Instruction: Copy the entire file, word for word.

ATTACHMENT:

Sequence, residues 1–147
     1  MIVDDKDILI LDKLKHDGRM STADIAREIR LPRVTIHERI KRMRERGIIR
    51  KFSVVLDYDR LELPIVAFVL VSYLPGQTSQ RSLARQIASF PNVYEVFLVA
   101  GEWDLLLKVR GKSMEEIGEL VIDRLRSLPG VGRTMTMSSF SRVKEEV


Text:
Sequence, residues 1–147
     1  MIVDDKDILI LDKLKHDGRM STADIAREIR LPRVTIHERI KRMRERGIIR
    51  KFSVVLDYDR LELPIVAFVL VSYLPGQTSQ RSLARQIASF PNVYEVFLVA
   101  GEWDLLLKVR GKSMEEIGEL VIDRLRSLPG VGRTMTMSSF SRVKEEV